When I purchased my $9.50 ticket to watch "You Don't Mess with the Zohan," I really didn't know what to expect.
Being a huge fan of Adam Sandler and the Happy Madison production crew, I felt sure that I would have to hold my sides to keep them from splitting from laughter.
Little did I know that a movie where an ex-Israeli commando turns into a hair dresser could be as bad as it sounded.
Directed by Dennis Dugan from a script written by Judd Apatow, the $90-million-dollar budget film couldn't have tried any harder to get a laugh out of the audience.
I am used to the Happy Madison movies not having to do much to make me laugh, but I believe the directors thought the reputation of the actors and their past movies were going to be enough to bring in revenue.
The less-amusing hair-dressing comedy filled with crude sexual humor, odd homophobic scenes, an over-stuffed plot and badly computer animated action scenes left me feeling a little cheated.
Sure there was some crude bodily function jokes and punch lines directed towards all the problems occurring in the Middle East that made me snicker, but for the most part I left the theater feeling drained in both my brain and wallet.
Zohan, who is an Israeli spy played by Sandler, can dodge bullets by doing "Matrix"-like flips and hold his breathe longer than a submarine, all while sneaking up on terrorists and killing them with his silky smooth hair-designing hands.
One night while lying in his apartment filled with posters of male icons, Zohan flips through a Paul Mitchell styling book as if it were a an adult entertainment magazine, fantasizing about his dreams of becoming the next Paul Mitchell.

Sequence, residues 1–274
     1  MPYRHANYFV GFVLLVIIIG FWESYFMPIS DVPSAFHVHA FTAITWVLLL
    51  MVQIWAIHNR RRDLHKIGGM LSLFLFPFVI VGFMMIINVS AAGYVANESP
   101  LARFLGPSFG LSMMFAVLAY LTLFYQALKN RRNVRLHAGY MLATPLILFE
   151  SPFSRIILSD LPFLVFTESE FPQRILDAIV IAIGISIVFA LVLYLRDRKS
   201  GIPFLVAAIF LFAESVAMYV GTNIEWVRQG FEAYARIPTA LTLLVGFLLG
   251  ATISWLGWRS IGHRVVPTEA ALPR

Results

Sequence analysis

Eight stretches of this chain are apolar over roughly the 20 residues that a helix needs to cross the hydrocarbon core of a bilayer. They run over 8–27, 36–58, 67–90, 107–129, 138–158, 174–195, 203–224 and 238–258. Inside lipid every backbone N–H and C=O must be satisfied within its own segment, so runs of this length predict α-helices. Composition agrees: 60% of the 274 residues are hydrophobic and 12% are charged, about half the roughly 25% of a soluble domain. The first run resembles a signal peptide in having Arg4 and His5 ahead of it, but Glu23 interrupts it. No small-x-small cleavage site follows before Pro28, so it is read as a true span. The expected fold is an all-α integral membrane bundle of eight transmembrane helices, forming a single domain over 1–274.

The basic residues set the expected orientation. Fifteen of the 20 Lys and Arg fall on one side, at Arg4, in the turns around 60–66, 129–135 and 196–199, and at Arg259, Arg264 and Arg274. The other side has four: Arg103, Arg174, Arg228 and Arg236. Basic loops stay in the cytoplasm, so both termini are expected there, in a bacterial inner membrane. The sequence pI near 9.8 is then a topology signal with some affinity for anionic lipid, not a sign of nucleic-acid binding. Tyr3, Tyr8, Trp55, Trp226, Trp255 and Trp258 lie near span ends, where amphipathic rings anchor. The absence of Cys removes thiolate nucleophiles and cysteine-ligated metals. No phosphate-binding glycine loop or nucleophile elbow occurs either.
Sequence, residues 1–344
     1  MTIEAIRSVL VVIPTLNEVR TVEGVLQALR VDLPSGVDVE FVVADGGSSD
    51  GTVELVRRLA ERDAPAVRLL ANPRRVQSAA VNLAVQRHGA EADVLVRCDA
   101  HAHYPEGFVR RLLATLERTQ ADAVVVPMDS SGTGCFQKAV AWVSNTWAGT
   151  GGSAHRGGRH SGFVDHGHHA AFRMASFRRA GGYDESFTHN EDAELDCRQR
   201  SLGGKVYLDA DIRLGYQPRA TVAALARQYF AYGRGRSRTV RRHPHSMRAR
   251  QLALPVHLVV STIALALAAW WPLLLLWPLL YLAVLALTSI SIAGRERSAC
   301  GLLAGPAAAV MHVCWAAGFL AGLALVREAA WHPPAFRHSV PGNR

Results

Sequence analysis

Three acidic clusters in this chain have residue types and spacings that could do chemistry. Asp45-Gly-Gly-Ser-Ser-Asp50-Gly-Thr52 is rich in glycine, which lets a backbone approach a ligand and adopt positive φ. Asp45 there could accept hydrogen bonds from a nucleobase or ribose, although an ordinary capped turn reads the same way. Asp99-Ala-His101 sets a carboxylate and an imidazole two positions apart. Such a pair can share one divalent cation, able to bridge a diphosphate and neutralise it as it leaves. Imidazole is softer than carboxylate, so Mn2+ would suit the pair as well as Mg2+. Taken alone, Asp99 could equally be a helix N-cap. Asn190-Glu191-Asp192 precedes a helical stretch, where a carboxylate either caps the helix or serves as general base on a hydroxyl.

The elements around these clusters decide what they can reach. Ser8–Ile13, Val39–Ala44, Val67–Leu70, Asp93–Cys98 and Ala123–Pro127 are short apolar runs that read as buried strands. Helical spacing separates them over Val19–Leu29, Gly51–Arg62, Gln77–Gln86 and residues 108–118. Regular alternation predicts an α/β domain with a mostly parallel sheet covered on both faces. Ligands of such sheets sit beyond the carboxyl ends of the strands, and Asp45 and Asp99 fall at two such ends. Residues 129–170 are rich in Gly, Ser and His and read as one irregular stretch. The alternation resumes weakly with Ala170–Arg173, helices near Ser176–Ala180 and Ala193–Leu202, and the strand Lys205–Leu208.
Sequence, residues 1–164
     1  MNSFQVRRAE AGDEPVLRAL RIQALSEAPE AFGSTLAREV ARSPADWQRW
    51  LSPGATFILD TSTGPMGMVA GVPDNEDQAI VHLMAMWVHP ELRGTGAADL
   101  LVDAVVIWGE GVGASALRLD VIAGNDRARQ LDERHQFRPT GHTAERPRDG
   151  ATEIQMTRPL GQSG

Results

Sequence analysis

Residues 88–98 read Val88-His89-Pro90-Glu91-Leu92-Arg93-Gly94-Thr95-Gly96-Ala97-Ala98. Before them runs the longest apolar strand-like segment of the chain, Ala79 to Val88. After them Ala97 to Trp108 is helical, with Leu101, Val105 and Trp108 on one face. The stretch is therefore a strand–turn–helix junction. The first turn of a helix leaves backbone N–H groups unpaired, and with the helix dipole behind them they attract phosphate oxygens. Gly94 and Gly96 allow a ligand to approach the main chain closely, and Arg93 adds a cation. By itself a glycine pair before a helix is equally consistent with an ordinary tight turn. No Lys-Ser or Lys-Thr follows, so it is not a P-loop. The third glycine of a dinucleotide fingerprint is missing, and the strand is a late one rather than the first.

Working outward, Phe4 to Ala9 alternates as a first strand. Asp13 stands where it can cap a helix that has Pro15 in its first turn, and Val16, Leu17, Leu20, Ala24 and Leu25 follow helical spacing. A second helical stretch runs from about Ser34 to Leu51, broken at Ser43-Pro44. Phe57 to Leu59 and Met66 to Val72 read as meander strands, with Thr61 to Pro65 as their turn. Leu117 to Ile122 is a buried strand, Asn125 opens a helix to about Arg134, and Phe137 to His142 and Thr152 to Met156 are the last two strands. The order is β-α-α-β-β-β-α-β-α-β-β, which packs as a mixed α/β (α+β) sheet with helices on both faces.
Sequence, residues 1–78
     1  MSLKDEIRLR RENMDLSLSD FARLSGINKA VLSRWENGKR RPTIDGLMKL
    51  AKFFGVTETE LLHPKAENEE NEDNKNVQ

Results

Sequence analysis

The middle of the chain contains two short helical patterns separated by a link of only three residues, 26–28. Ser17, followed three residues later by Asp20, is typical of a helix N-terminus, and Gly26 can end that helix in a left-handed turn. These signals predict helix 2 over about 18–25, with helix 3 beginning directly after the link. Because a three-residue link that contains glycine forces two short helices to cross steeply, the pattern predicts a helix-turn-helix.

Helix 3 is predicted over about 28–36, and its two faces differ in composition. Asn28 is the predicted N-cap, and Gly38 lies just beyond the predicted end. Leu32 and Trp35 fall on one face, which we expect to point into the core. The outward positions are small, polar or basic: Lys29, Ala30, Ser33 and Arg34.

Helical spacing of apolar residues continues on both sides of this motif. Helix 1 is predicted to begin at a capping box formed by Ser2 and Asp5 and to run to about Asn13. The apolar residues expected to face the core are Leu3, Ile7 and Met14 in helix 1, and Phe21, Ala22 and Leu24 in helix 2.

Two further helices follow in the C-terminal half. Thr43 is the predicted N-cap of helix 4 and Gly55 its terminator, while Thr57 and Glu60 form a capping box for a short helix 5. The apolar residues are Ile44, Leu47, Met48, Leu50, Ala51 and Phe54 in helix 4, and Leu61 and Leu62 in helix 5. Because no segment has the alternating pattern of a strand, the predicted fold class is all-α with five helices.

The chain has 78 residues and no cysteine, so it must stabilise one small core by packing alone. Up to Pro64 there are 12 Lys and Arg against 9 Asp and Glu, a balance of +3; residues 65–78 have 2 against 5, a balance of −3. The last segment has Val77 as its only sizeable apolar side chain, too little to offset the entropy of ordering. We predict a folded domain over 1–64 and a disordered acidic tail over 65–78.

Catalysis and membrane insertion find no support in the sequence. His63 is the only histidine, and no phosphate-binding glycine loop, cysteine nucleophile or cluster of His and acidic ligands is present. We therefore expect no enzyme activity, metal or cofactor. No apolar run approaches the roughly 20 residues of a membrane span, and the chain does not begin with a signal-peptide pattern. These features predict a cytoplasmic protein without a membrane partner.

Zohan then fakes his death to long-time nemesis and Palestinian terrorist "The Phantom" played by John Turturro ("Transformers") and heads to New York City to pursue his dream.
Dressed in his favorite Mariah Carey T-shirts, Zohan re-names himself "Scrappy Coco" and sets off to find a job.
Being denied at every salon he applies to, because of lack of experience, Zohan goes from being the high man on the totem pole in Israel to the bottom in a small hair salon owned by a beautiful Palestinian woman played by Emmanuelle Chriqui ("Waiting").
Having to start off as a volunteer sweeping up hair for the other stylists, Zohan uses his perseverance and carefree desire for making everyone's hair silky smooth to sex it up with the older customers and becomes the star hair dresser of the shop.
Zohan's past eventually comes back to haunt him as he is spotted by a Palestinian taxi cab driver played by Rob Schneider (Deuce Bigalow).
The hair stylist is forced to put his comb and scissors to action as he battles both the Phantom and Walbridge, a New York business man played by Michael Buffer ("Rocky Balboa") who attempts to tear down the salon and replace it with a 20th century mall.
Not wanting to ruin the ending, I will just say the producers leave you baffled. A tandem duet between The Phantom and Zohan somehow brings all the fighting to an end and peace between everyone.
"You Don't Mess With The Zohan" is so silly and dumb that you are forced to laugh even when you don't want to.
Writers Sandler, Robert Smigel and Judd Apatow take the sensitive subject of Middle Eastern affairs and bring humor to it.
The action/love-story/bad-guy-turned-good film is filled with crazy, very visual and humorous scenes that are supported well by the funny cast.
Although, I am not sure that the few scenes were enough to make a movie about a flamboyant hair dresser good.
I enjoyed the effort and the few kicks and giggles I got out of the movie, but I don't believe this movie will make it into my DVD collection at home.
"You Don't Mess With the Zohan" is rated PG-13 for crude and sexual content throughout, language and nudity.